1. To maximize results, start with just one, two, or three songs a week for Kindergarten. Then you can increase the number of words introduced per week depending on what your children can handle. You can increase the number of songs introduced per week for older children.
2. Practice getting your children to calm down when you are done singing. Demonstrate the behavior you expect, and practice it with the children before you begin.
3. Always include hand motions of some kind. This keeps the children motivated and engaged. If you use the CD, you can find the handmotions in the “Free Downloads” section of our website under Music Lyrics and Movements section.
4. Always show the word when you introduce a song. Have the children spell it aloud with you as you point to the letters. Have them practice spelling the word aloud a few times before you begin to sing.
5. Once the children know the songs, have them sit and write the words as you sing them. I use individual white boards. We put on a song, and everyone sings as they write. Check for mistakes and have the children rewrite the word correctly. Sometimes the children just parrot back the sounds that they think they hear, and they don’t really know what they are saying. If so, then sing the song slowly with the children, pointing to the letters as you go.
6. Use the songs as a classroom management tool. If your students are getting restless, have them stand and sing a song with movements. They can get their wiggles out AND learn at the same time. Also, have your students sing as they wait for their classmates to put things away or finish up their work. This is a good way to fill up those extra minutes that seem “unteachable.”
7. Demonstrate how to write sentences, using the songs as a spelling tool. Explicitly teach what the songs can be used for. This video demonstrates the method and is more about teaching kids to write a specific sentence, rather than one of their own choosing as they would if they were journalling. Later in the year when they have more skills, we move into journalling, and teaching kids to write the words that they hear. It seems to be particularly difficult for English language learners to try to write words phonetically right from the beginning, and this method gives these children a different way to go about it. – Sorry for the poor quality.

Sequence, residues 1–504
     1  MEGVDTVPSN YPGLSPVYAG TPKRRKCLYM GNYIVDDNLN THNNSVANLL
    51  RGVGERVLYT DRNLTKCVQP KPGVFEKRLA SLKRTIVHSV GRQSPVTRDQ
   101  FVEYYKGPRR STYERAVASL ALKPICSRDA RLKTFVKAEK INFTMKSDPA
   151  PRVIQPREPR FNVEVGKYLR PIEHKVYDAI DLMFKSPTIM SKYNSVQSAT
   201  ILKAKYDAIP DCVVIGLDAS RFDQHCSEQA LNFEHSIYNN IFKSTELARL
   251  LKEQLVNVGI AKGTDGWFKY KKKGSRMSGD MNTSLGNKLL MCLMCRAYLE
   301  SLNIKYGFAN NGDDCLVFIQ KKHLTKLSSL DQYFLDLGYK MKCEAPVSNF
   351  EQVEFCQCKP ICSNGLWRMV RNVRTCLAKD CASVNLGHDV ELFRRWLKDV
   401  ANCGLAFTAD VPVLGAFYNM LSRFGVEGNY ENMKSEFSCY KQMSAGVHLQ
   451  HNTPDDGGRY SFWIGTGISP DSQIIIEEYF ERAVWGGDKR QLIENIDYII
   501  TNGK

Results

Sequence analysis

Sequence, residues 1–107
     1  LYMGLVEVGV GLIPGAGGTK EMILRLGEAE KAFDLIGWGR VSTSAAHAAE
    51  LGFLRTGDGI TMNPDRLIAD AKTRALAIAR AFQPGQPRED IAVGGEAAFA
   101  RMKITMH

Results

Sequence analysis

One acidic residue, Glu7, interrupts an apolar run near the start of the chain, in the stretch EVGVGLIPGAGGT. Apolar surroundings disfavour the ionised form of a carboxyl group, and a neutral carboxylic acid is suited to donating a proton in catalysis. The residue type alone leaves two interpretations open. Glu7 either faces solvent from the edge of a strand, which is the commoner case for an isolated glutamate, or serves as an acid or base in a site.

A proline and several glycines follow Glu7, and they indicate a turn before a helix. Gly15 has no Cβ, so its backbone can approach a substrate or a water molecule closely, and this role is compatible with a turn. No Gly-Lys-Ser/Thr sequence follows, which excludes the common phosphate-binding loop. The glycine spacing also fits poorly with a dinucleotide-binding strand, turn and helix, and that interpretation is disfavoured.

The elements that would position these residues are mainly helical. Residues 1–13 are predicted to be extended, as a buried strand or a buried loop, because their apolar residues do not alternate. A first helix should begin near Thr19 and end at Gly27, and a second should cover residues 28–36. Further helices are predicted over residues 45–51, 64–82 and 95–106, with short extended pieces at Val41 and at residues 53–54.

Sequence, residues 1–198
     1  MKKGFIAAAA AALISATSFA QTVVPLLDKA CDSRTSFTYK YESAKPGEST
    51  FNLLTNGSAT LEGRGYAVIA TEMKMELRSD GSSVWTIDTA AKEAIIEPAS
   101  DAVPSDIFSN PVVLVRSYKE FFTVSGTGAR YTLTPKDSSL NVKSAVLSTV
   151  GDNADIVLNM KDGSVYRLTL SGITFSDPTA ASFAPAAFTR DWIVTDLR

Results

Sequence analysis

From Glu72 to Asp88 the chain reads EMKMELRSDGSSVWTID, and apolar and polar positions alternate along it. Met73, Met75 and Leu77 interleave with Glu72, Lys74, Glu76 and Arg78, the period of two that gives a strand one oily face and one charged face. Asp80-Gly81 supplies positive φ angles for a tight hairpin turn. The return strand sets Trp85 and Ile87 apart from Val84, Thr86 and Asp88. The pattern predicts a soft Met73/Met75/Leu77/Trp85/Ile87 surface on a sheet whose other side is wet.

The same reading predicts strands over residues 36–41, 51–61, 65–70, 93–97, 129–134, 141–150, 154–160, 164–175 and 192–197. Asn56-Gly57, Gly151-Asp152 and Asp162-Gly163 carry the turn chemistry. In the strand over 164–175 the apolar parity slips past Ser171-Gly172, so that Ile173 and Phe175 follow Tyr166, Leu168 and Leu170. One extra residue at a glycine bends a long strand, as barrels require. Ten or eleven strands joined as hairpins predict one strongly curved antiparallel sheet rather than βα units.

8. Practicing writing the words in the context of how they are used is more effective than simply writing the same word over and over. There are worksheets go along with the CD’s that are available on the website. These worksheets include the song lyrics, but each time you come to the target word, there is a space for the children to write the missing word in. If you do assign your students to write a word several times each, remind them to sing the spellings in their heads as they go. We also have other worksheets too.
9. Use a word wall. Some kids can repeat the spellings but not visualize the word. Have them sing the song aloud, and then find the word on the wall to copy it.
10. Let the children practice reading the words as often as possible. My students enjoyed reading their own little song books that I made up for them that are available in the workbook for each CD, and then took them home to read. I also make large Sing Along Songbooks and keep them in the classroom reading center. These are also available on our website, or you can create your own.